I'm just a newbie in this jBPM world but have runned into problems trying to develop something similar (a workflow with MDB action consumers, where the tasks were modelled as JPA entitites in an EJB3 context).
I dind't find a way to perform pessimistic locking for the entities (I have the idea that it's not supported) and tests with concurrent threads led me to very odd results. About detection of conflicts in optimistic locking, I also think that table versioning is only detecting problems when committing, when the version numbers mismatch can be detected.
Another weird thing is READ_UNCOMMITED Hypersonic transaction isolation level mixed with optimistic locking. Changing to a RDBMS with a real transaction isolation leads to really different results when using optimistic locking (as chances to have obsoleted versions of the entities are bigger than with Hypersonic).
Hope it helps.
ok. i think i start to see the problem.
in case of a join, if 2 tx start around the same time, they both see each other still being active. then both of them will wait in the join. the parent will then not be propagated. both tokens will only update themselves so there will be no hibernate optimistic locking problem detected.
afaict, the current implementation will operate correctly with isolation levels TRANSACTION_REPEATABLE_READ and TRANSACTION_SERIALIZABLE, which are highly uncommon.
the solution would be to modify the parent token each time a token enters a join. then modifications to the parent will cause concurrent updates to be detected.
In MySQL, the parent token is not propagated under either READ UNCOMMITTED, READ COMMITTED or REPEATABLE READ. I did not try SERIALIZABLE, but as mteira mentions, the higher the isolation level, the more likely each thread will read stale data, causing the join to fail.
I think the problem lies in not acquiring a write lock on a token loaded for update from the beginning. This would prevent other tokens from reading it in databases that support the READ COMMITTED level.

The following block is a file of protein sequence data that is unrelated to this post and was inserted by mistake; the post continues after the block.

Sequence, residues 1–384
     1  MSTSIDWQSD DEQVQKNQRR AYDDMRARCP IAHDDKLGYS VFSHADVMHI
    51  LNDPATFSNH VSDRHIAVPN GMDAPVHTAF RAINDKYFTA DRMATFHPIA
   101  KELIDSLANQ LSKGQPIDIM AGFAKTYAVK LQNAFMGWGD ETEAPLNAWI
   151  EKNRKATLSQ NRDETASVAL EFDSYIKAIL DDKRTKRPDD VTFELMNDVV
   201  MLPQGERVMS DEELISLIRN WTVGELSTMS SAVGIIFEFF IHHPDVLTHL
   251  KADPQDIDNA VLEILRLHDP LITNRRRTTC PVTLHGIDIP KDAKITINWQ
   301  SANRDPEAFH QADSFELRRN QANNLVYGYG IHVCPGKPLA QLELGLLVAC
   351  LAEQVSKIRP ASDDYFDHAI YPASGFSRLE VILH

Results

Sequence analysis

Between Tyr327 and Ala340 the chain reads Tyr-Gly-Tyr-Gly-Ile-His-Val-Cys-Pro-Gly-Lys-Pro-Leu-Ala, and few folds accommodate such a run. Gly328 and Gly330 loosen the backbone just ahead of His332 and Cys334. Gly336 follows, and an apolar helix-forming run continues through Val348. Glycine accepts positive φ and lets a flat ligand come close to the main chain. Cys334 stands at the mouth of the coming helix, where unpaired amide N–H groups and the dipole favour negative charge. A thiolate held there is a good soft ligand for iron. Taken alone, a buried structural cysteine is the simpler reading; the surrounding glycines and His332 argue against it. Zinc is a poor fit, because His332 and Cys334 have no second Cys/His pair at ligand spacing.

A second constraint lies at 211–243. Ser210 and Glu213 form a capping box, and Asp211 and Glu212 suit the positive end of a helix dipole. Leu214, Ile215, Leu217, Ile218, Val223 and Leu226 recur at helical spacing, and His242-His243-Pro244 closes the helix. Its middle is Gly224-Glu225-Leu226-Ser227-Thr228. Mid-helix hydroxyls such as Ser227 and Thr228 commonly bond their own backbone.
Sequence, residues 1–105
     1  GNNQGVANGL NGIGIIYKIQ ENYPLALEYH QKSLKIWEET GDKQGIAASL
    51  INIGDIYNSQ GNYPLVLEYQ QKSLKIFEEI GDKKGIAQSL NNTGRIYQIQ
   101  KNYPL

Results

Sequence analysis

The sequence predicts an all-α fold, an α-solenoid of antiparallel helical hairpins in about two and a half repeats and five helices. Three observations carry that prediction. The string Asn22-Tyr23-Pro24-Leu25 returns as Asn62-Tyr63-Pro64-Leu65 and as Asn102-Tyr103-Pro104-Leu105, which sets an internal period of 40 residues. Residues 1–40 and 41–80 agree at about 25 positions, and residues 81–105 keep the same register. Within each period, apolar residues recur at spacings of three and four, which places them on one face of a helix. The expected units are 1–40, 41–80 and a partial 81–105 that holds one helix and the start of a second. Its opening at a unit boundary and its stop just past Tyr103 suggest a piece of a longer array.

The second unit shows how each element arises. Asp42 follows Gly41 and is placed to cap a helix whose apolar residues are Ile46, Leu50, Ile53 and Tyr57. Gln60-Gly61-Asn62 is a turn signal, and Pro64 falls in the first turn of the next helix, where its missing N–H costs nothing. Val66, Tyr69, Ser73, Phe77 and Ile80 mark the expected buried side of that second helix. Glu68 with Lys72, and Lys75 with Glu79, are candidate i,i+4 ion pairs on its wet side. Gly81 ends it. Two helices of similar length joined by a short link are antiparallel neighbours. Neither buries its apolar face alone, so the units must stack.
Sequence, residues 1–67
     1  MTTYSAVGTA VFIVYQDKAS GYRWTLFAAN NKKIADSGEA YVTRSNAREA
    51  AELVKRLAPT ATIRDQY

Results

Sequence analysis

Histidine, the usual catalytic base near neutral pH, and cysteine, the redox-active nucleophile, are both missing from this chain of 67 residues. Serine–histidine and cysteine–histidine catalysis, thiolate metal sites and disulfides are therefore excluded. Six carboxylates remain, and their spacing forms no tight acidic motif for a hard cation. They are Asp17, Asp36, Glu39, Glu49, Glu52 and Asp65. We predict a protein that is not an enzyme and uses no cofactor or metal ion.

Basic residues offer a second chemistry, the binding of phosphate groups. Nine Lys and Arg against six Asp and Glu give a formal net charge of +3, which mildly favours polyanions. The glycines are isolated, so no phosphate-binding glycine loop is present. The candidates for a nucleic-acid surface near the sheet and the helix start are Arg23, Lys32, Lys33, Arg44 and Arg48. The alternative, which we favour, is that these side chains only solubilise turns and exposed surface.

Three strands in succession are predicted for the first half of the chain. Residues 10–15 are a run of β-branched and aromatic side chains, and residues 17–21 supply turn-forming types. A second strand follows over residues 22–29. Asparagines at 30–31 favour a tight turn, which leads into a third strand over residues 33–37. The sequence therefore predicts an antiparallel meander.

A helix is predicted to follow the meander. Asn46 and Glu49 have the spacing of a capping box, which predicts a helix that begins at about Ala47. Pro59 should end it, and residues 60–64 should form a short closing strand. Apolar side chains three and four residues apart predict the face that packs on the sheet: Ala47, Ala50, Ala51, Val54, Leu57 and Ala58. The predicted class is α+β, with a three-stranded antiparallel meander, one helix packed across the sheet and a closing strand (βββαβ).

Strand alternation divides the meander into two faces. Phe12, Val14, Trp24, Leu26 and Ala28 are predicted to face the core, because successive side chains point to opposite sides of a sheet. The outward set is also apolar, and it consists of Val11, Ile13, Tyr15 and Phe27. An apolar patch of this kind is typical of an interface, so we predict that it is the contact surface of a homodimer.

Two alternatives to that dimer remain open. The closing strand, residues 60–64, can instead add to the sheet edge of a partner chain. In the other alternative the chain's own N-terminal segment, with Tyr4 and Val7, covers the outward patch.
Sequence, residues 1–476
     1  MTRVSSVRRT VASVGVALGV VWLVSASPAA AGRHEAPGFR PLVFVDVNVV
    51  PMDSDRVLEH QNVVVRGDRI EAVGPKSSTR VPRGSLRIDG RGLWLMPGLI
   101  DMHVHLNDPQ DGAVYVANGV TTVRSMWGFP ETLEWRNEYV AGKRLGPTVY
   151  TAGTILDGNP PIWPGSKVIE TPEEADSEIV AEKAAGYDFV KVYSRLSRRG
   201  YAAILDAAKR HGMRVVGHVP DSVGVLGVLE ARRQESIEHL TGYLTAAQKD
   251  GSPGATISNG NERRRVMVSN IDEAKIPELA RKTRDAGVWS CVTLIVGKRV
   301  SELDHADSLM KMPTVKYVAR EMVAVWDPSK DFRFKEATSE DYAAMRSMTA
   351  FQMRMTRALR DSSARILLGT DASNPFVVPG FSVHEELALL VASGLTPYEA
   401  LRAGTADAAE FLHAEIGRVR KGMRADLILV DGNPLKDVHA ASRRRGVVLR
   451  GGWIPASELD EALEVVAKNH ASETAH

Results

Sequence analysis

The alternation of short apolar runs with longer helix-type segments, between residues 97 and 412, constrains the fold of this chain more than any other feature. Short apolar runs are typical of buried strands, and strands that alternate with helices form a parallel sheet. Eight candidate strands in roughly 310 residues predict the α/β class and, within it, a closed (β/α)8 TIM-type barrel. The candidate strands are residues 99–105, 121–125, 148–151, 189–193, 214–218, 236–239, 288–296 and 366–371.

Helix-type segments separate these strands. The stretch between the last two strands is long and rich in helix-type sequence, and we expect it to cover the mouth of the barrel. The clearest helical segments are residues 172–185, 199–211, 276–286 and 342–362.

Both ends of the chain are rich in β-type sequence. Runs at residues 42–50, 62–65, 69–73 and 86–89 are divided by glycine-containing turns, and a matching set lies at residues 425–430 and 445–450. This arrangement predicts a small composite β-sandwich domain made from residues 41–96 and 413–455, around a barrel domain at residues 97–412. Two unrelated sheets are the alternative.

I didn't find a way to do that using JPA and Entities (the only way to lock an entity seems to be the EntityManager.lock() method, and that's just playing with the entity version, and worse than that, adquiring the Entity using EntityManager.find() and locking it are two separate calls, so we cannot make it in a atomic fashion).
I expect that using Hibernate directly, there should be a way to adquire a persistent object in a fashion that maps into the DB query as a 'SELECT FOR UPDATE' clause or equivalent. But, is it correct to call this 'optimistic locking' anymore?
Hibernate does offer a way to load an object for update:
Session.load(class, id, LockMode.UPGRADE)
This is certainly not optmistic control but pessimistic locking. Tom's solution should do the trick for databases where optimistic control is the only viable approach (e.g. Hypersonic).
My alternative aims at environments where optimistic control is unfavorable due to high probability of concurrent updates.
session.load(class, id, LockMode.UPGRADE) or session.lock(processInstance, LockMode.UPGRADE) results in "SELECT ... FOR UPDATE" on databases that support pessimistic locking, this will result in a pessimistic lock.
We expose the lock already in the JbpmContext (or in the persistence service, i don't remember). So users can start adding pessimistic locks themselves whenever they want to.
But I want to work out a solution/workaround/fix that works by only using optimistic locking.